The end of the Upper Clamshell truck trail was now visible below the ridge top. Grass grew in the center of its’ light colored trace. A lonesomeness seemed to emanate from its’ dead ended spur, high across from Chantry Flats. Surely, deer, black bear, coyotes, mountain lions and perhaps even the occasional mountain biker had been making use of what was seldom maintained for trucks. The view to the west encompasses the San Olene truck trail, Chantry Flat, Mounts Harvard and Wilson. The Pacific was gleaming in the mid-day sun, while the Palos Verdes peninsula seemed to divide two oceanic worlds. A subtle, yet substantial shift between the ’85 trip and now had taken place. Instead of following the upper truck trail across the east wall of the Big Santa Anita into the East Fork toward Spring Camp, I was following the ridge top, trying to stay true to the divide. Following the ridge was at times just about impossible to follow due to the thick brush. The ups and downs took their toll. Even though this route was slower than walking a fire road, it carried with it the alpine feeling of being on top of something that didn’t easily give itself away. Wild and rough. And it came with a surprise. Clamshell Peak. Clamshell Ridge is the watershed divide between Big Santa Anita Canyon to the west and Monrovia Canyon to the east. The ridge pretty much trends north and south until reaching Clamshell Peak, a high point where the ridge begins to trend eastward toward Rankin and Monrovia Peaks. If you travel the truck trail, you’ll miss this peak. Clamshell appears on the topo map as being just a bit higher than 4,360′ in elevation. Looking out from this brushy mountain, the final undulating ridge out toward Monrovia Peak presented itself. There is an impressive view straight into the entire Winter Creek from up here as well. I had entirely missed this place the first time around.
Summit register and vault box on Clamshell Peak. The register is stored inside box.
What really caught my attention was what appeared to be a U.S. Forest Service vault box of some sort on the summit. Dragging the rusted diamond plate away from the opening, there appeared to be two red painted cans nested within one another. An old school summit register wrapped in ziplock bags! In the shade of a manzanita bush, I had thumbed through two steno notepads. The one marked “old book” had signatures of visitors going back to 1987. A signature from November of 1990 stunned me. It was my late brother Nick’s. I did not remember ever hearing him tell me of his visit here. Back then, he would have been about 27 years old, in his prime and all over the San Gabriels. What route he’d taken to get here I’ll not know in this life. The route now shifted eastward and steeply down to the fire road. So, for the rest of the day, he and I hiked together, again, through the trees, then up and over more miles of ridge tops. He was young, healthy and relaxed. I talked and he listened while the sunlight had shifted a bit. Walking much of this old firebreak had become easier on my head although my legs seemed to have less and less in them. We came to a small clearing at the base of some mammoth Big Cone Spruce and sat down in the pool of gold light, the kind that appears later in the afternoon. I had ran through two of the three Nalgene bottles by this point and had a little snack. The thoughts had turned toward Rankin Peak and I kept going back, back, back through the years. That’s what we do, I suppose, in our mid years. I would not be alone for the rest of the hike.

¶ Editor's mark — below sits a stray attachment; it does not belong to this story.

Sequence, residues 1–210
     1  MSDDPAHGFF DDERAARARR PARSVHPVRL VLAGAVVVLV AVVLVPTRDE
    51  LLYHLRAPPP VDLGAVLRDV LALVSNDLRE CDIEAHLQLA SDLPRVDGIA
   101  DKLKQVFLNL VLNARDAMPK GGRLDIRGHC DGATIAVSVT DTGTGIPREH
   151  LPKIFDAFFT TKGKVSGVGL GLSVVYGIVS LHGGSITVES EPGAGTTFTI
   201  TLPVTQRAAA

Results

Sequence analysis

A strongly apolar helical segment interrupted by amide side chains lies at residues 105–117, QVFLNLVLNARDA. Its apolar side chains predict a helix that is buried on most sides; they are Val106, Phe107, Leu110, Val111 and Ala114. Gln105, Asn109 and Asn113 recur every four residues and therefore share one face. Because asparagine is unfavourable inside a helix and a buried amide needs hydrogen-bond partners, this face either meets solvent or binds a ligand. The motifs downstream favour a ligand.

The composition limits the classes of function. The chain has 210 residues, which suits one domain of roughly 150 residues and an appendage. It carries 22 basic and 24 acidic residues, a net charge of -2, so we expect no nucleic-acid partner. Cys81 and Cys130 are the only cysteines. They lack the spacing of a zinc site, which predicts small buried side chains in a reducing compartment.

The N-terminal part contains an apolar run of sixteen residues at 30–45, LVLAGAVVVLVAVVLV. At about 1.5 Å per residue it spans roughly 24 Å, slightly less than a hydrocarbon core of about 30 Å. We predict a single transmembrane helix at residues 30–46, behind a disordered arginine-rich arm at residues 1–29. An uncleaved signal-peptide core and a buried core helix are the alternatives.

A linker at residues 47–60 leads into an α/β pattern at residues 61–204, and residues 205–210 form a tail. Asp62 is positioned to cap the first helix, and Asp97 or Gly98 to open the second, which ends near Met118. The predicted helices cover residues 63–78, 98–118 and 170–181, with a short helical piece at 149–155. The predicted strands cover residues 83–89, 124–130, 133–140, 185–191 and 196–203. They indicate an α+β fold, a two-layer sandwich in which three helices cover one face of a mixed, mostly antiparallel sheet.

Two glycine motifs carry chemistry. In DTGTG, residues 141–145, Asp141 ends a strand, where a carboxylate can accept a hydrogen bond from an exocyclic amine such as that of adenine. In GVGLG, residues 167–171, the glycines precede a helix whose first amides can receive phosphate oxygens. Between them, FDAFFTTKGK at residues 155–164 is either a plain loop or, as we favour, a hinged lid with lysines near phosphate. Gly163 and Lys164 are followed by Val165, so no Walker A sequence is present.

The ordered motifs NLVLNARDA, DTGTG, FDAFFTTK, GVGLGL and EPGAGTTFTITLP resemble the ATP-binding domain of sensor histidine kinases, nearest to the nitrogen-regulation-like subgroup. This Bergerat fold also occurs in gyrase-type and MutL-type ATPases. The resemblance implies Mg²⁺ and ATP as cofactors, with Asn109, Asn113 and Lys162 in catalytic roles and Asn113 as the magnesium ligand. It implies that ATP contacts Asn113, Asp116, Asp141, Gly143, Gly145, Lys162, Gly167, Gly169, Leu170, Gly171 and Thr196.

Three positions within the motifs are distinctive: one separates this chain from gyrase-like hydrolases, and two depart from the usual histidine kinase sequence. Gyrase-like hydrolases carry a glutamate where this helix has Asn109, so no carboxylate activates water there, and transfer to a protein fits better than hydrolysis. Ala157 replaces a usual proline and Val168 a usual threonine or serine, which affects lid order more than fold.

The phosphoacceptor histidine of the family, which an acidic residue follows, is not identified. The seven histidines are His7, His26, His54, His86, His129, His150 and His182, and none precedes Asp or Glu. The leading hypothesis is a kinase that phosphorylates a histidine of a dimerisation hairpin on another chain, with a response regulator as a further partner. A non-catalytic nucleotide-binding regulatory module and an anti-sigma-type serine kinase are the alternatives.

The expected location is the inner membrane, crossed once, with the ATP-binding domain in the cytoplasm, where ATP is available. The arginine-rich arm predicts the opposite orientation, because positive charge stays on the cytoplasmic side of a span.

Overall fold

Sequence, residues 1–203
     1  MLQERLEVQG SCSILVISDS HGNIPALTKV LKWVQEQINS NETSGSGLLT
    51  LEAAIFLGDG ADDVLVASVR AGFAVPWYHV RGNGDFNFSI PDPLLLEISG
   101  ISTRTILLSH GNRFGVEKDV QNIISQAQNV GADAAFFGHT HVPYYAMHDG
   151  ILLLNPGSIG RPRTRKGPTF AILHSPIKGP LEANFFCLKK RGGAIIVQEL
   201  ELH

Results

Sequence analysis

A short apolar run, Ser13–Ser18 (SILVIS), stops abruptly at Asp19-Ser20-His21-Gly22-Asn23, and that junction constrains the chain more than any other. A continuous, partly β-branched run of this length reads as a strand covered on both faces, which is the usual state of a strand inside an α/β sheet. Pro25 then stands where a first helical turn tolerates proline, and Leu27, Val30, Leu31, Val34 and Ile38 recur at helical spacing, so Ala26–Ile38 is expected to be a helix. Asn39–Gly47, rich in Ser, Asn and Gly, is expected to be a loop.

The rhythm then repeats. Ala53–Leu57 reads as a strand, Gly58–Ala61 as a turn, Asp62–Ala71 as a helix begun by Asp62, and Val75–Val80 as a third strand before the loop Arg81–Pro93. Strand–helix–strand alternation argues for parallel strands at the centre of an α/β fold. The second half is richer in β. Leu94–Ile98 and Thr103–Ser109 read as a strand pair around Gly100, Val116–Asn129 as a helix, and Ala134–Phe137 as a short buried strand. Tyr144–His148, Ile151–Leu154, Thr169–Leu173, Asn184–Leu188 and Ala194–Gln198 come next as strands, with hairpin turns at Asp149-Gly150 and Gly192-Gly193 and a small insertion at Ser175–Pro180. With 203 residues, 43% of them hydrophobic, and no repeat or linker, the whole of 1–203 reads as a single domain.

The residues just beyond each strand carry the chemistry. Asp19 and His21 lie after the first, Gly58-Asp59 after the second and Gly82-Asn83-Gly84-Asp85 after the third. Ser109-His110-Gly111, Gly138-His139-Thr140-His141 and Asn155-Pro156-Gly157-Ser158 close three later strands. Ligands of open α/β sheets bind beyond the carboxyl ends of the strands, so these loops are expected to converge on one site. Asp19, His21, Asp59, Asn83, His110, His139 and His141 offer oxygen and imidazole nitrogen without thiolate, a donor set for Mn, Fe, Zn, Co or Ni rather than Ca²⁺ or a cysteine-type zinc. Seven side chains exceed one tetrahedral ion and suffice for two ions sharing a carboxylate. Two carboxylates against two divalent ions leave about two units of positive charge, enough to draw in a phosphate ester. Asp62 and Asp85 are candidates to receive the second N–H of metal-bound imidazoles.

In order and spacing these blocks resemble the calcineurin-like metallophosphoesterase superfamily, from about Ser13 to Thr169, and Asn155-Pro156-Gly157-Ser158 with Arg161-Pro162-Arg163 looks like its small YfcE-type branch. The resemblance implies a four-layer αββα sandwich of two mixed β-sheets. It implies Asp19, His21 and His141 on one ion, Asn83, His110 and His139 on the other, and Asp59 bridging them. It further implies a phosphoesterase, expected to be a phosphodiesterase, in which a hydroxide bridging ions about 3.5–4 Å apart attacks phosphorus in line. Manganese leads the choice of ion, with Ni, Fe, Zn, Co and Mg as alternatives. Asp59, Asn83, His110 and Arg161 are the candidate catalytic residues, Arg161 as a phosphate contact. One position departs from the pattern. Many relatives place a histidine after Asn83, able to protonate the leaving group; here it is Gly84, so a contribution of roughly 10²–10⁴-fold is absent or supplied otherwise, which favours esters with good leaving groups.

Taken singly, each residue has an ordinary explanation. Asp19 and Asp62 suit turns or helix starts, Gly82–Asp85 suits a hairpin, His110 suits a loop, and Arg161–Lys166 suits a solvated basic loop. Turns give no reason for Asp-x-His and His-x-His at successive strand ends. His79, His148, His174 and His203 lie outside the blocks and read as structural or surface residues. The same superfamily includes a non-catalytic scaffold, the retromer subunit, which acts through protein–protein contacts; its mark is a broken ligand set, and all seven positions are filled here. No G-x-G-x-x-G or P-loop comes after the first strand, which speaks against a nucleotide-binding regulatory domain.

My brother’s signature found in summit register on Clamshell Peak. Nick Kasten lived from 1963 to 2014.
Eventually passing a point on the ridge that appears as “Mack” 4,364′ and paralleling the fire road, the final pitch to Rankin Peak drew near. It was all so close visually, yet closing the gap seemed never-ending. I’m always out hiking, like always…. yet, today it was like this was the first time ever being out in the mountains. That first great climb out of Monrovia in the warm sunlight must have really taken its’ toll on me… On I walked through grasses that had already grown blonde in the dry winter days. The memory of how that ridge appeared from Sturtevant Camp’s heliport was playing in my mind. I had known the changing colors and its’ unmistakable silhouette as part of all that encompassed and framed our existence during those years in the upper Big Santa Anita. Being part of that scene now was like being in two places at once, looking back at myself from a time gone by.
The old flagpole footing with plaque on summit of Rankin Peak. Placed here by the Yucca Hiking Club in the 1930′s.